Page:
The service was abandoned by SNCF in 2014 but the Railcoop co-operative believes it can make it a success and plans to restart services in two years. Alexandra Debaisieux, Railcoop’s deputy managing director said: “The lines are still maintained and used by SNCF but only for local services. There is no train between the two large cities, the only option is to wait for a connection. Our trains will be comfortable, with separate carriages for those who want to work quietly using Wi-Fi and those who are travelling in groups. Each will have a goods wagon so people can load trunks, suitcases, surfboards, skis or bicycles without problems.”
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Passenger rail services in France are due to be opened to all operators from next January, while freight services have been open for 10 years. German intercity coach company FlixBus said before the Covid-19 lockdown that it was planning to run low-cost passenger services with slow trains between Paris and Bordeaux from 2021.
Ms Debaisieux said: “Our philosophy is different from theirs, which is ticket-driven, like many airlines. We want to make sure the service is there and we are sure that the passengers will come.” Operations will start next year with a freight line operating between Figeac, in the Lot, and Toulouse.
Interest has come from companies needing to move quarried gravel and scrap metal. “It is an area where there has been rail transport for many years, while roads are still fairly undeveloped,” said Ms Debaisieux.
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Interest in 'green energy'
A business plan, drawn up after a favourable consultant’s report, forecasts 690,000 travellers a year for three trains a day in each direction. Passengers are expected to be people who see no sense in the SNCF’s suggested route of a TGV to Paris, then another to Lyon, which will do the journey in slightly less time if there are good connections. The idea came after Alexandra’s younger brother Nicolas, the co-op’s managing director, a high-flying civil engineer, left city life to settle in the small town of Cajarc in the Lot.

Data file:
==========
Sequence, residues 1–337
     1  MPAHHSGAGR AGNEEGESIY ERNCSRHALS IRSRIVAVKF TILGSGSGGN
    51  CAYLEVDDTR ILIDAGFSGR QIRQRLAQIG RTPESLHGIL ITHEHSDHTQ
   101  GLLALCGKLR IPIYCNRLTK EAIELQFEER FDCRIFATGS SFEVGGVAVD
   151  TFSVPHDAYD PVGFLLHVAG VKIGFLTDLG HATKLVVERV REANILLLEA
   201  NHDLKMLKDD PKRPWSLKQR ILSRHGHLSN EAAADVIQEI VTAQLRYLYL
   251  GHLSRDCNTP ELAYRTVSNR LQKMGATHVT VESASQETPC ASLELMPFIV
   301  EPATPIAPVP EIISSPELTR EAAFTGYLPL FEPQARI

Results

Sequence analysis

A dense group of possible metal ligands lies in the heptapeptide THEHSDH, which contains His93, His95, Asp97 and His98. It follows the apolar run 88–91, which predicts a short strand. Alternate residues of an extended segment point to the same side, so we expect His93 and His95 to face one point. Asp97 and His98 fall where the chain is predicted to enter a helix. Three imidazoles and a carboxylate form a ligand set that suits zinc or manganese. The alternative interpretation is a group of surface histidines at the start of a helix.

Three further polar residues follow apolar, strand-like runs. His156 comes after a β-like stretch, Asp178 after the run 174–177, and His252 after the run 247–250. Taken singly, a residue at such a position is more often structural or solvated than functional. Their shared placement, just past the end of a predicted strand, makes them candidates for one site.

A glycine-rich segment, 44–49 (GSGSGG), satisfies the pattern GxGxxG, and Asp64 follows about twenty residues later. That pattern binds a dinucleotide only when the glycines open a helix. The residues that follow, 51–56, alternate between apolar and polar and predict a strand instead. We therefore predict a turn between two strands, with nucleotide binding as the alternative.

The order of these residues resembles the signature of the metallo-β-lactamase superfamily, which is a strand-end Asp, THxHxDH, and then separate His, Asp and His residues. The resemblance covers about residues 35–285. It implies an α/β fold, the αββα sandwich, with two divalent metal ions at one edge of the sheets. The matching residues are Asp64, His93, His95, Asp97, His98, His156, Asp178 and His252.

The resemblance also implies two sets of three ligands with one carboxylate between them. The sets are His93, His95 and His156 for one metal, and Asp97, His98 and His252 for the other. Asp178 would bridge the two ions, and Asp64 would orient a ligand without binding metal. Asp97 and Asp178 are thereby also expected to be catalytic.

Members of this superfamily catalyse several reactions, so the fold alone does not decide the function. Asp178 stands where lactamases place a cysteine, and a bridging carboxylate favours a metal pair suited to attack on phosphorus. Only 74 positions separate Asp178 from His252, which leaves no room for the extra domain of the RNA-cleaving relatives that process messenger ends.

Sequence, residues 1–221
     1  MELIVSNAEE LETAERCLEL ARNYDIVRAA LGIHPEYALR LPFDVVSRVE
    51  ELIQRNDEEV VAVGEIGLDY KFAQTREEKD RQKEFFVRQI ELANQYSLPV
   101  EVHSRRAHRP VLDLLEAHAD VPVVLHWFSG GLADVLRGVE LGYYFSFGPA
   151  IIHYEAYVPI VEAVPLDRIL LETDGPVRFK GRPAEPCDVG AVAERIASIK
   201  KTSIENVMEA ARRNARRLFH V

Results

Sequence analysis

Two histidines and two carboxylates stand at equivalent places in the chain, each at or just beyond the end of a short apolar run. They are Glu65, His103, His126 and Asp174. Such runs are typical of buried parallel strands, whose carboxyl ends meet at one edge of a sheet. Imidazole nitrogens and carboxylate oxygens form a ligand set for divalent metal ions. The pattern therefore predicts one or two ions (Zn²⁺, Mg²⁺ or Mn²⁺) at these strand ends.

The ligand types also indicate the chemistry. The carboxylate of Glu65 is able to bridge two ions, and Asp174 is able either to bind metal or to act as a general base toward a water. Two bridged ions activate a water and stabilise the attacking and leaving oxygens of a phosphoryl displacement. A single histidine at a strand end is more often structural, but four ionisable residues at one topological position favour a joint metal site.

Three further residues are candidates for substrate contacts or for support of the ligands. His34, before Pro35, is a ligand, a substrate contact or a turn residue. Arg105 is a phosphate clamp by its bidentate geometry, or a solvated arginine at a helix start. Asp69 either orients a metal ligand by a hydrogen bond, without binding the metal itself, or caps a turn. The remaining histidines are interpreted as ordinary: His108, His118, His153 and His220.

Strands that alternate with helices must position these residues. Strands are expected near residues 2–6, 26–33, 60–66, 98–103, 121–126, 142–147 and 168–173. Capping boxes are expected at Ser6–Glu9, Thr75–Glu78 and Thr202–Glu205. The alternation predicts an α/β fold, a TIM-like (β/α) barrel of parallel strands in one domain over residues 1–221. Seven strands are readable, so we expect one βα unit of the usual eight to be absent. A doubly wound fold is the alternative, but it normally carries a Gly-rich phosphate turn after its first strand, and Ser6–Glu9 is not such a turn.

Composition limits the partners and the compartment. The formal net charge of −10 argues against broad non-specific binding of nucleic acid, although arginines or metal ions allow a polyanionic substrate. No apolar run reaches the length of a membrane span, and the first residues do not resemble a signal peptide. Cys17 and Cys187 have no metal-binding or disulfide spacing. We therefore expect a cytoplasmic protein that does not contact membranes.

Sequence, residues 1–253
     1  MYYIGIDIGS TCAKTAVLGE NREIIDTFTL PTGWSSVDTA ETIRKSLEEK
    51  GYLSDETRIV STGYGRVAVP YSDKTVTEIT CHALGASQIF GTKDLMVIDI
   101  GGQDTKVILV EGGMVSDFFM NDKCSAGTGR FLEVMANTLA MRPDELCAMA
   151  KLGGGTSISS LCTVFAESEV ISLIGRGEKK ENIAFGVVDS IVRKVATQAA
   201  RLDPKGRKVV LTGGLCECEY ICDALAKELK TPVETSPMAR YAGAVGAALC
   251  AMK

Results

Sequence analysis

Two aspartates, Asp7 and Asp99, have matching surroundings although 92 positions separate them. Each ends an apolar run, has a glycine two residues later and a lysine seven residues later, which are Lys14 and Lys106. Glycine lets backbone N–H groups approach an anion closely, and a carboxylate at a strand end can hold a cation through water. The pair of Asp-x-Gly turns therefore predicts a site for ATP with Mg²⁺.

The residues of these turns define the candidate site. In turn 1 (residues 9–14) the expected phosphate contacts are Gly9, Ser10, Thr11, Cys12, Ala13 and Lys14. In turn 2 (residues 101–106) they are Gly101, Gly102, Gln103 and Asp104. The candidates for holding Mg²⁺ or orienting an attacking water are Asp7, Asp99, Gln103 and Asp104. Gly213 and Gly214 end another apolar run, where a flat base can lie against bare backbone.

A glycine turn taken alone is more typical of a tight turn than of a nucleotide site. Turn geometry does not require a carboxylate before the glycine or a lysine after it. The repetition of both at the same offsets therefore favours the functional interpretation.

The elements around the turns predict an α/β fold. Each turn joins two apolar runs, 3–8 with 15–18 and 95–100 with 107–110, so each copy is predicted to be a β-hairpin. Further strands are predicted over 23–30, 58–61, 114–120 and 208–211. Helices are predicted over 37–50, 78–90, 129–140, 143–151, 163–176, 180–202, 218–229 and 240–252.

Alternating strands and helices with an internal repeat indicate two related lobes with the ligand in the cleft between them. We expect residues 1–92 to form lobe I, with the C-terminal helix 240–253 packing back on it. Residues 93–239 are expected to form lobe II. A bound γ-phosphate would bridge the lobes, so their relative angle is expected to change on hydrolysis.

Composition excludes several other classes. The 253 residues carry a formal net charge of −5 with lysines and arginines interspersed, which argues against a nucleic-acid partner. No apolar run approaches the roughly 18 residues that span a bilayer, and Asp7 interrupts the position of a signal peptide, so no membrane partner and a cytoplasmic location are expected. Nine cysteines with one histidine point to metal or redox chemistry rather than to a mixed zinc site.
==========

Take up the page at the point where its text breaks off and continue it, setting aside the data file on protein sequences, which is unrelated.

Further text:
“He became aware of a group of people who were interested in projects combining green energy and principles with a need to improve society,” said Ms Debaisieux. By June the 1,200 co-operative members had raised €330,000 of the initial starting costs of €1.5million, but companies and local authorities are also considering becoming members and partners.
There is a target to have 3,000 co-operative members, each with at least a €100 share in the company by the end of the year. So far, Région Occitanie and Grand Figeac have joined as partners and the co-op is confident that companies and other local authorities will join too. “Obviously, having green principles of using rail to reduce greenhouse gases is important, but there are all sorts of other reasons to boost rail travel, such as boosting tourism and bringing life back to rural areas.”
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